The Tao of Customer Loyalty

When prospecting for new business, the importance of timing cannot be exaggerated. You need to reach your prospect at just that moment when she is seeking the product or service that you offer, and then convince her that your company is the right one to be doing business with. But, what is the most important thing of all is making her a loyal customer who will come to you for repeat business.

Amazing as it might seem, it has been demonstrated that a five percent increase in your repeat business equals a 60% increase in your profits. That’s a lot of leverage. Customer loyalty is the way to wealth and success in your business practice.

What is the Tao of Customer Loyalty?

To begin, nothing can take the place of persistence. In your business practice, just as with the pursuit of your personal dreams and objectives, persistence is the foundation of all success. Without persistence, you can achieve nothing of importance.

Beyond persistence, you must practice the principle of differentiation. Differentiation means clearly defining exactly what it is you do or offer. It is the way of setting yourself apart from your competitors.

Business consultant and author Manzie Lawfer, with whom I had the pleasure of working at a small multimedia firm for several months, has this to say about practicing differentiation when he is selling two-way communications devices:

“I tell my prospects and customers that instead of giving you a 5% or 10% discount we: Give you a single point of contact; you’ll never have to call receivables or shipping or any other department; make sure that your order is shipped no later than the next business day; place a four year warranty on every radio we sell; provide no cost loaners when you send your radios in for repairs; give you a free trial on radio equipment and accessories before you buy; charge a $119 flat fee for repairs; provide you with the experience, dedication, and availability to help you solve your communications problems; give systematic updates to keep you informed of new technologies and new uses of existing technologies; do not tack on extra charges. That is, you’ll never have to call to find out why or have explained to you by accounting why there was an extra $5 or $10 on the bill. Invariably when I take the time to review these nine points, customers tell me they like these additional services better than a discount.”

Value and assurance are the loyalty principles that say, “The customer absolutely always decides what is of valueâÂ?¦and if you want your customers to come back, then they have to believe they will receive the same value every time they return.”

Value is not pricing. Price is only meaningful when the prospect or customer doesn’t have anything else to compare and contrast. Therefore, the importance of price is directly proportional to how much a prospect or customer knows about your product, your service, and you. You have no way of finding out what a customer’s values are other than by asking him. When you consistently and persistently ask a customer what is of value to him, and then find the way to deliver those valued things to him, you are creating a loyal customer who will come back to you over and over again.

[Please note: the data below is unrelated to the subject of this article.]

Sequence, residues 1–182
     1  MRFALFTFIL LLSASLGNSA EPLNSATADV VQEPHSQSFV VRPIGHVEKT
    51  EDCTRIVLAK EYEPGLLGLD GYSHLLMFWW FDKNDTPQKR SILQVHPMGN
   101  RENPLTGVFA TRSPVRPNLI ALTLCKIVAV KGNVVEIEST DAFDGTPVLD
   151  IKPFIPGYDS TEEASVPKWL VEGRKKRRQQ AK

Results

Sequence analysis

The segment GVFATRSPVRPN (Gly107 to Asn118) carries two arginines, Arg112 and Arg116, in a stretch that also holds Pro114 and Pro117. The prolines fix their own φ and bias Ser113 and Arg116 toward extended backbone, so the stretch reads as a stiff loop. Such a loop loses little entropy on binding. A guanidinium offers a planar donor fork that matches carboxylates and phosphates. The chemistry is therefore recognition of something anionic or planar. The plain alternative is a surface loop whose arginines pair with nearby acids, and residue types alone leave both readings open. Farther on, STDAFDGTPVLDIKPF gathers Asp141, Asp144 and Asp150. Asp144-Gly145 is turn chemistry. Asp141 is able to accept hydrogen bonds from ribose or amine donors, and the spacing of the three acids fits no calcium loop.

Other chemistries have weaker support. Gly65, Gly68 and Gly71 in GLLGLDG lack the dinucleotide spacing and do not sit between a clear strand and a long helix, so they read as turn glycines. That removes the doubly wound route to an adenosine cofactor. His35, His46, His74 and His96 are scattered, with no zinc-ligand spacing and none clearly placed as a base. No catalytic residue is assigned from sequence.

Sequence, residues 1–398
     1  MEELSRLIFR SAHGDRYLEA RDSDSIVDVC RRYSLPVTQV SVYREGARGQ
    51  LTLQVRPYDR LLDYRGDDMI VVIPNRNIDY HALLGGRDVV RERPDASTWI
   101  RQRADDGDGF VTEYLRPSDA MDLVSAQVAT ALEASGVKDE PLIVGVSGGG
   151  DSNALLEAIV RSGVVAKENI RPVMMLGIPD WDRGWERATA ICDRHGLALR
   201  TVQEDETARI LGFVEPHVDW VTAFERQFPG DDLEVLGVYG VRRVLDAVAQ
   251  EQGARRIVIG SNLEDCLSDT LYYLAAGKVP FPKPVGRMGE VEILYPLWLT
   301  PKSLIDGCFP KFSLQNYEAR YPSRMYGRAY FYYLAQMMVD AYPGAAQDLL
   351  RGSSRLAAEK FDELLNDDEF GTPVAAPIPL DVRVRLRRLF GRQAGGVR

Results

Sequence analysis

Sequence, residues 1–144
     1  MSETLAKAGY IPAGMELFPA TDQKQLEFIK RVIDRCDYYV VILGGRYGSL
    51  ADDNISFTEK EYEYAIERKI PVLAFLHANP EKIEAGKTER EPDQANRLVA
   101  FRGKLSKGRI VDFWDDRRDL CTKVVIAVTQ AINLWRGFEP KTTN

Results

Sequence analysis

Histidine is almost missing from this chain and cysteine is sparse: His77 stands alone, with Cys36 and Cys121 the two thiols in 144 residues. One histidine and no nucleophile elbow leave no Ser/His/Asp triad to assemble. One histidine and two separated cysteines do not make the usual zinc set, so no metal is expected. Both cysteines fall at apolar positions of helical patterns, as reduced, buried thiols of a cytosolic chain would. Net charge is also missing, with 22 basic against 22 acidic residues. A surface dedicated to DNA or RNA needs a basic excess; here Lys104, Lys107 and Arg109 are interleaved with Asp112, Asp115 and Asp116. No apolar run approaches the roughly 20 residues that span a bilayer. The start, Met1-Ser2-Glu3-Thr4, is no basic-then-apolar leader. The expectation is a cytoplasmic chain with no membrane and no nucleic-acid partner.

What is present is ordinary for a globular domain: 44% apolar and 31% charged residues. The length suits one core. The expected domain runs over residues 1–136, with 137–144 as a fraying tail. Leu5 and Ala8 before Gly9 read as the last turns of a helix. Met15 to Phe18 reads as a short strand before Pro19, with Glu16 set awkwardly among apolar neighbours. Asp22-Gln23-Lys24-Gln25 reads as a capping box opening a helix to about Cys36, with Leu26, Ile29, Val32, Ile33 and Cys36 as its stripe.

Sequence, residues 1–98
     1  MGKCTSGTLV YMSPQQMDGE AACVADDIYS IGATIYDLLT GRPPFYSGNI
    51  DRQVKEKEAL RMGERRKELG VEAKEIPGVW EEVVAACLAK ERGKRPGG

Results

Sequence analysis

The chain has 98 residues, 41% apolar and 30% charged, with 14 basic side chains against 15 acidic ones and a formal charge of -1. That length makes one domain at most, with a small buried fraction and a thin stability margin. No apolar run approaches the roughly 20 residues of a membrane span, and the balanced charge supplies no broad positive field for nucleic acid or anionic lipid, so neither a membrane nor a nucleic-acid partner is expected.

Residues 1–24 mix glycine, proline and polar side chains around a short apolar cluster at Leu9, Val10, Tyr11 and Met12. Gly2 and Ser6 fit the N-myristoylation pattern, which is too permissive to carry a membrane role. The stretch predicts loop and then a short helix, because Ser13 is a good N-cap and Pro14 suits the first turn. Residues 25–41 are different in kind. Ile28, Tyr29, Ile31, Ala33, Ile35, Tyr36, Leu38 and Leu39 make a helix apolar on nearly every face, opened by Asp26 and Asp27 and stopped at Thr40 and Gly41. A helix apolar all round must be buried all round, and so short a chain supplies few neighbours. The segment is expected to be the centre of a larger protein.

The way you create assurance is by keeping your word. You do what you say you will do, when you say you will do it. Incredibly, studies demonstrate that most business people do what they say they will do only 20% of the time. What that means is, four out of five times, most business people fail to keep their word! 80% of the time, most business people essentially make liars out of themselves. Why should their customers feel assured in the face of that? If you just make your word law, you will cultivate a fierce customer loyalty.

Creating customer loyalty also requires effective communications. This begins by showing gratitude. You need to show that you are truly grateful for your customers. When you call your customers, give them thanks. This is an effective way of communicating your feelings of gratitude for their patronage. All customers desire to feel important; thanking customers makes them feel that way. And when you make your customers feel important, they desire to do keep giving you their business. Effective communications also means having continuing and meaningful contact with a customer. One way of achieving this is by always asking a customer, every time you speak to her, “When should I follow up?” Then, when you place your follow up call, remind her, “you asked me to follow up with you today.” Doing this practices assurance as well as effective communications.

Another method is the creation and distribution of a regular, periodic newsletter (especially e-newsletters in our contemporary digitized world). Make your newsletter informative, not merely a thinly disguised advertising piece. This gives it value, and the customer sees it as a value-added service. In addition, it keeps your business’ name consistently in front of the customer’s eyes as a meaningful reminder of what you provide. But perhaps the most powerful means of having meaningful contact is by sending thank-you cards or letters after every buying transaction with a customer. Saying “thank you” on the telephone is a good thing, but you can do better. Sending a thank-you email is better. But the very best way to communicate your sentiment of gratefulness to your customers is by purchasing a box of thank-you cards that are blank on the inside. Personally handwrite and sign every one of your thank-you cards whenever you send one out, and send it via the regular mail. This personal touch makes for very potent communications.

Have persistence. Differentiate your business. Communicate effectively. Keep your word. Have health and wealth.

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